I can fall into the all-or-nothing trap, anybody else?
It’s certainly not a quality that I am proud of admitting. It can show up in multiple forms but there is a particular ‘all-or-nothing’ scenario that I’ve really been working on changing. It comes in the form of appreciation.
More frequently then I’d like to acknowledge, I have found myself considering a gesture I could do for someone that I know they would appreciate. The reason I am even thinking about it is because I want this person to know how much I care for them.
And then for various reasons, some legitimate and some not, I find myself not following through on the grand gesture…or any gesture. All-or-nothing.
To make myself feel better, I will rationalize my inaction with the justification that a smaller demonstration of appreciation would not adequately show how much I care for them – and I can’t risk that!
But a recent experience following a week of very challenging work travel has helped me start changing this thinking.
I should start by sharing that I am very lucky to do a lot of travel for my work. I love it.
However, the less loved side of travel includes all the inevitable aspects; cancelled flights, missed connections and frequent delays, all of which often have me landing far later than originally planned.
This was exactly the case following one of my final flights last year. As I alluded to above, it was a heavy and challenging week of travel that started by flying out Sunday afternoon. I had planned to fly home Tuesday evening, spend time with my family and then fly back out the following day. As often occurs in the winter months, Mother Nature had a different plan.
Due to storms, I was forced to shift my flight home and instead go directly to my next keynote. After finishing my talk, my final flight home was again delayed. The same storm, which seemed to have been following me airport to airport the entire week, was now hitting Toronto. Luckily it was the tail end and the flight was eventually able to depart, unfortunately, it was six and a half hours later than originally scheduled.
As a result, it was close to 1:30 AM by the time I walked in the door. Being so late, I knew my husband would be asleep.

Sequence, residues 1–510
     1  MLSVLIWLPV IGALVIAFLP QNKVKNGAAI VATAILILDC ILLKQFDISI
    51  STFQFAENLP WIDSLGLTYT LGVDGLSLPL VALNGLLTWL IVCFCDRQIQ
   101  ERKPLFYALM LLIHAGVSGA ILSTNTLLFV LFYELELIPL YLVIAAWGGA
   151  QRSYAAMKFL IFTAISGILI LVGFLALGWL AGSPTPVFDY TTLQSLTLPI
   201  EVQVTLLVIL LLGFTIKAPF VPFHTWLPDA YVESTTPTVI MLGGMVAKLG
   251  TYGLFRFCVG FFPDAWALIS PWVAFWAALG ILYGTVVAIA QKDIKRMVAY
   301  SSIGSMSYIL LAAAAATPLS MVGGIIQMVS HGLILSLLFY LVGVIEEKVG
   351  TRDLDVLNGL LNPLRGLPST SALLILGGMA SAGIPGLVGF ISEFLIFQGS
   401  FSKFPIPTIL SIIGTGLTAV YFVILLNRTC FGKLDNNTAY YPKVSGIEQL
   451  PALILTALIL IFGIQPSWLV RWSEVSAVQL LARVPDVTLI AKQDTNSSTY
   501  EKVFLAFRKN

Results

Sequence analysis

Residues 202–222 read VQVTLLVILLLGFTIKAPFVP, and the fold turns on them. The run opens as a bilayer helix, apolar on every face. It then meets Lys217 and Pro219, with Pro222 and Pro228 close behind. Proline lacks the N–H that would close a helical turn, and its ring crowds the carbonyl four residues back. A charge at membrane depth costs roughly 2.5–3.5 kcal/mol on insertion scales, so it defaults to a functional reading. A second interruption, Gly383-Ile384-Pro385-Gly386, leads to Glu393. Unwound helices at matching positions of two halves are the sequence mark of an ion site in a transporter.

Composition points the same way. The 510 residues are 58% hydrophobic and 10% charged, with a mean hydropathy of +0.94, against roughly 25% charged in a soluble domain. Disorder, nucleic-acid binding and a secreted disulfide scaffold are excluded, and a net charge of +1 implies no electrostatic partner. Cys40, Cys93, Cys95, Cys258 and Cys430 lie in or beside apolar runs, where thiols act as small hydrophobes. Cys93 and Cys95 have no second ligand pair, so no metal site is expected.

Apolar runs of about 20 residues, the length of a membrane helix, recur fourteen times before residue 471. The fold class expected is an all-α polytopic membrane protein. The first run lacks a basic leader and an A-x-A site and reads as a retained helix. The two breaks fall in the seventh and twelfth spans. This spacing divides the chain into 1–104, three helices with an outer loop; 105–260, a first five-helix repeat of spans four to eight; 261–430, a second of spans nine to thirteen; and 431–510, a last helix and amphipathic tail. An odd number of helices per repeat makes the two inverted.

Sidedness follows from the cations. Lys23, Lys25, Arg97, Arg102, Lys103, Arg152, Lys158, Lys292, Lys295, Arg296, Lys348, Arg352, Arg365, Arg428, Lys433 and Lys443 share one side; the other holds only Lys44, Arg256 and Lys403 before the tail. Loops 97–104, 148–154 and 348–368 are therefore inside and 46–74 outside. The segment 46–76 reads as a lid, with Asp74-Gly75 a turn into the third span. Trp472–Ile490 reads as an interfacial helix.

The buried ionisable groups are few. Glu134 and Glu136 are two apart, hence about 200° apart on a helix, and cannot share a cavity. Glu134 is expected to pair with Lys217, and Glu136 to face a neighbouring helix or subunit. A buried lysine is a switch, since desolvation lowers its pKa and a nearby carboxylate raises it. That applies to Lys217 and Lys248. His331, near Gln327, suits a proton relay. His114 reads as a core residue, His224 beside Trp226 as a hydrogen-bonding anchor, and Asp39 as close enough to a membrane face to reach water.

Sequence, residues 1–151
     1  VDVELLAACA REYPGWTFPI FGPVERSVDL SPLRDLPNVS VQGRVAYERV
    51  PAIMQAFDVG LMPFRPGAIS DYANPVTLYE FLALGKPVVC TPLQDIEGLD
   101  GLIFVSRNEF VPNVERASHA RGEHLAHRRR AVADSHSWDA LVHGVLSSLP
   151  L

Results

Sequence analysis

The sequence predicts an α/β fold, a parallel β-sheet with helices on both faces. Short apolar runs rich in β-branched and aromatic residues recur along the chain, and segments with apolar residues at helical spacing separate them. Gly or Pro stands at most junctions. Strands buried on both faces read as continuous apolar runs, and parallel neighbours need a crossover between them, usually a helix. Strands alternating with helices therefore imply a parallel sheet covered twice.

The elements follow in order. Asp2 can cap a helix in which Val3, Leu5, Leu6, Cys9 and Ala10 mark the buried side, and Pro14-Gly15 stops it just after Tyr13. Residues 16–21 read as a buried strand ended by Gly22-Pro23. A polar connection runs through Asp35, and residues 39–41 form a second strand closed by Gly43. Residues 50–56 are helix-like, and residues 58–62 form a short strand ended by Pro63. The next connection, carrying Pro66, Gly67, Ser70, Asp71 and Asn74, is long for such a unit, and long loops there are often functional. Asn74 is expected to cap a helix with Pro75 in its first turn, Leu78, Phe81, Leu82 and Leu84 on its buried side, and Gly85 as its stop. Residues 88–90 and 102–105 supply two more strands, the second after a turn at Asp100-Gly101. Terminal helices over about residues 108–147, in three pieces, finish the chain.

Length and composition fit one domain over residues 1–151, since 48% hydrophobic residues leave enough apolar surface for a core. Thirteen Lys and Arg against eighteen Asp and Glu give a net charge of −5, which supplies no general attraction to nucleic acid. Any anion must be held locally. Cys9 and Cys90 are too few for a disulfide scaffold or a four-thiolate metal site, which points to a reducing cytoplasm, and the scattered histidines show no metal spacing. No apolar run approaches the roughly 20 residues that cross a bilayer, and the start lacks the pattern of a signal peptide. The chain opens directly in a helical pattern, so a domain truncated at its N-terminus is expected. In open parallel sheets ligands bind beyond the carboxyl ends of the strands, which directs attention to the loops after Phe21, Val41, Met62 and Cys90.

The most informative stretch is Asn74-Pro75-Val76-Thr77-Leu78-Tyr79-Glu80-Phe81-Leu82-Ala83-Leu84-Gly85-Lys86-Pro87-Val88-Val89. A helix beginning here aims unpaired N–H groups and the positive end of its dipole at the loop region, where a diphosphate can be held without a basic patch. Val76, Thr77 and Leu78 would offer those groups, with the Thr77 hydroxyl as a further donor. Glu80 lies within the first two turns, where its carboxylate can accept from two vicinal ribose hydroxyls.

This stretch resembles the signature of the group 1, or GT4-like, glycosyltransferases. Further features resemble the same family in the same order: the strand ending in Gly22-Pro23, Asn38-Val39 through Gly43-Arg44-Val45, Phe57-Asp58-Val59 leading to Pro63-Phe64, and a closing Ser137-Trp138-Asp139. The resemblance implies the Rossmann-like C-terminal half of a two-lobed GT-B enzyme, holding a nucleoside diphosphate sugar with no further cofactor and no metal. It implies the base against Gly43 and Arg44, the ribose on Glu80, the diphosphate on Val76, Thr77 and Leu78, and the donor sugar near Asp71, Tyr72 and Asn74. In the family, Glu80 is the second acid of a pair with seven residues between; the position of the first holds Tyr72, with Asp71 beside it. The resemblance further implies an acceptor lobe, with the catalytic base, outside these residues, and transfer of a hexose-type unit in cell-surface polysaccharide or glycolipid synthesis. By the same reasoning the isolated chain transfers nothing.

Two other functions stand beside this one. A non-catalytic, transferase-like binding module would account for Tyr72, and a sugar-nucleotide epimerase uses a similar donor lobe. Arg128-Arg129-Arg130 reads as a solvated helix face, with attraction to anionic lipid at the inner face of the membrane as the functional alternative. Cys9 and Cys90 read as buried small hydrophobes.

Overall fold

Yes, I was disappointed that I wouldn’t get to chat with him after being away all week, but admittedly I was tired and just wanted to go to sleep. What was more disheartening was the anticipation of a cold house waiting for me once I arrived home.
I knew this because my husband can only sleep if the temperature is low – and by low, I mean cold.
I, on the other hand, always seem to have a chill and do not enjoy being cold, let alone sleeping in the cold. We’ve had the cliché argument about the temperature in our house from the moment we moved in together. (Side Note: he has a good argument, I can put on a sweater, but he can’t take off skin).
To compromise, I bought a small heating blanket last year. The ROI on this purchase has been unmeasurably positive. About 30 minutes before bed I turn it on so by the time I crawl under the covers my side of the bed is nice and warm.
However, being so delayed meant that I would be clambering into a cold bed (please note, I fully appreciate that this is not a life hardship). So, it was not surprising that the temperature in the house had hit its nighttime low by the time I got home. Resigned to the fact that cold blankets were awaiting me, I dropped my suitcase at the front door and headed straight to bed.
But to my delighted surprise, as I lifted the covers I was met with a warm bed!
My husband had very thoughtfully and kindly, turned on my heating blanket for me before going to sleep.
To be clear, all this gesture would have taken was for him a reach across the bed and hit the “on” button – a small action, but one with a massively positive impact that made me feel very loved by him and made being home even more special.
On top of all of that, and perhaps even more importantly, it was proof:
A small action taken will always beat a grand gesture considered.
My learning was to not underestimate the impact of a heating blanket moment.
The next time you catch yourself heading towards all-or-nothing thinking, shift your thinking to small-and-something and ask yourself, whose world could you warm today with a small action?